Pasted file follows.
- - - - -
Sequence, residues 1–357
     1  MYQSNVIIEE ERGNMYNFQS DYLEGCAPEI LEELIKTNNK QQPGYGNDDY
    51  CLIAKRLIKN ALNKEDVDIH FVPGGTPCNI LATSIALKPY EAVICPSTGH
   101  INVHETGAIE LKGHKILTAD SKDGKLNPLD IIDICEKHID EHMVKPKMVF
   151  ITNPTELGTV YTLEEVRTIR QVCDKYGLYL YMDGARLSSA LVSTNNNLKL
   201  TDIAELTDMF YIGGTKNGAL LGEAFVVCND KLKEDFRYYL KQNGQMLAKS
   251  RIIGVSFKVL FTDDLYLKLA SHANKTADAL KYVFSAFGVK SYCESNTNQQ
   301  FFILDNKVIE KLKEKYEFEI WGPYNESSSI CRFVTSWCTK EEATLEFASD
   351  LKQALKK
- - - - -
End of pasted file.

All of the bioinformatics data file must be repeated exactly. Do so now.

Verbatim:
Sequence, residues 1–357
     1  MYQSNVIIEE ERGNMYNFQS DYLEGCAPEI LEELIKTNNK QQPGYGNDDY
    51  CLIAKRLIKN ALNKEDVDIH FVPGGTPCNI LATSIALKPY EAVICPSTGH
   101  INVHETGAIE LKGHKILTAD SKDGKLNPLD IIDICEKHID EHMVKPKMVF
   151  ITNPTELGTV YTLEEVRTIR QVCDKYGLYL YMDGARLSSA LVSTNNNLKL
   201  TDIAELTDMF YIGGTKNGAL LGEAFVVCND KLKEDFRYYL KQNGQMLAKS
   251  RIIGVSFKVL FTDDLYLKLA SHANKTADAL KYVFSAFGVK SYCESNTNQQ
   301  FFILDNKVIE KLKEKYEFEI WGPYNESSSI CRFVTSWCTK EEATLEFASD
   351  LKQALKK